On Being Good (enough) Mothers.
So last night I had this awful anxiety dream that I was running over an hour late for the above book-signing event, and I was convinced that no one would come, and that I was neglecting my family by even being there, and also, I was out of money and out of gas, and the next door neighbors were excavating giant turnips from their backyard.
Throughout all the drama, my editor at Good Housekeeping, who in real life has the serene energy AND magical powers of Glinda the Good Witch, was standing in the background, providing silent reassurance that all was well, a visible reminder of the magazine's refreshing mantra "good enough." And so it was, because somehow everything worked out. Except the turnips, which are an abomination in my opinion, no matter how much sugar you sprinkle on them.
I've been promoting this book locally because I'm proud of my piece in it, but also as a mini dress rehearsal for when my own book comes out. When I went to Houston this winter, and saw that Katherine was giving out cupcakes to promote her book, I realized I was going to have to get some game.
It's been mostly very fun and easy. The book store event has come together seamlessly. I've gone on two local radio morning shows to talk about the book (and will go back on 94.1 The Point tomorrow morning around 8), and the city paper ran a small Q&A piece about it yesterday.
I think the anxiety of the dream was triggered by a segue in the edited interview that made me wince a bit, where the sample confession cited from the book was one where a mom frames one of her kids for stealing from a piggy bank. I don't remember that particular example coming up in the oral interview, but seeing it in print, as a lead-in to my own enthusiastic support for the book made me wonder if people might think I was endorsing the act itself. When I did one of the radio shows, I had the same qualm about someone confessing to keeping booze in a take-out cup while driving her kids around. In that instance I was able to say, HA HA, NOT COOL. Seriously. Don't drive around drinking with or without your kids in the car.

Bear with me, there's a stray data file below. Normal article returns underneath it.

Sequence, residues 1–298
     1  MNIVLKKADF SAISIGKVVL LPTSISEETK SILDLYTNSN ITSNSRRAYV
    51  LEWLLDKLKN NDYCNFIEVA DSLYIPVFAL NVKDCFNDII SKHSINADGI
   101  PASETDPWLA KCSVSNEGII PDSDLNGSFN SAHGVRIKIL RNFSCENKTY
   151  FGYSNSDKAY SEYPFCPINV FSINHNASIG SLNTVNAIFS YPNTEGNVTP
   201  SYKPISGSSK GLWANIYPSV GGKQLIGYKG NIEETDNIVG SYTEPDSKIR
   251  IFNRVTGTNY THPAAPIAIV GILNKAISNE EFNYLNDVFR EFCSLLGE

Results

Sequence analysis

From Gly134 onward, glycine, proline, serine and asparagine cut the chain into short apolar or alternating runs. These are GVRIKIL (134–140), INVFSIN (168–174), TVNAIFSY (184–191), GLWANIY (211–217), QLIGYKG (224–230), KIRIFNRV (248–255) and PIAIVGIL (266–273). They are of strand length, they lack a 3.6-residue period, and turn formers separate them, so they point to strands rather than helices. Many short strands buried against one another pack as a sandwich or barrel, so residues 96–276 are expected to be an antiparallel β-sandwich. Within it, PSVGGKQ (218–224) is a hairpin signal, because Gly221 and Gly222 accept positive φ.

You know, a lot of the confessions in this book are truly relatable. Telling the kids that Haagen-Dazz is special medicine for Mommies? My ten year old and I had a good giggle over the devious deliciousness of that one. There's some that are poignant, like the wife who has lost desire for her husband. There's a few that are unimaginable, like paying for Christmas presents with money earned as an escort. There are some that are wonderful, like the woman who secretly loves her post-partum body and doesn't care what others think. And then there's a handful that are kind of despicable.
The point of the book isn't to condemn or condone the particulars, but to tell the secrets, relatable, poignant, unimaginable, wonderful, despicable. To bioposy a slice of motherhood and just hold it up for what it is: the good, the bad, the ugly, and the hilarious. The Today Show coverage of the book got that. The commenters to the Wall Street Journal story didn't. Romi, the book's editor, summed it all up nicely on Huffington Post recently. I don't know what it is about our society that we have such a hard time accepting the multitude of experiences there are in raising children, or why we mothers are so jumpy whenever motherhood is up for discussion.
When Oprah ran the hour-long Secret Lives of Moms special the week this book came out, my twitter stream contained people (women) complaining there was too much focus on motherhood, and others complaining it didn't treat motherhood seriously enough. It was just one segment on one daytime talk show. The weight of our expectations is staggering. We pin so much on every statement about mothering. As if we could arrive at one singular, unchanging gospel truth. We act like a disenfranchised people: combative, insecure, split into factions.
Where is it getting us, or our children?
Does it really make us feel better to be able to say, about another mother, she's doing it wrong?
Or is that external judgement just the visible tip of the outsize judgement we bear against ourselves on the inside?
That reminds me, now that I think about those turnips, I remember one of my favorite childhood books was The Enormous Turnip, a russian folktale in which the whole village has to form a chain to uproot the vile thing. I don't know why I loved that story so much, given how I hated even a tiny turnip. I guess I just loved the idea of people coming together.
Speaking of which, if you're in town, I hope you can (sorry) turnip for Saturday morning at Wordsworth Books, R Street, from 10-noon. Swing by, have a mimosa, pick up a book, and let's all lighten up on each other, and mostly, on ourselves.this post lives all by itself here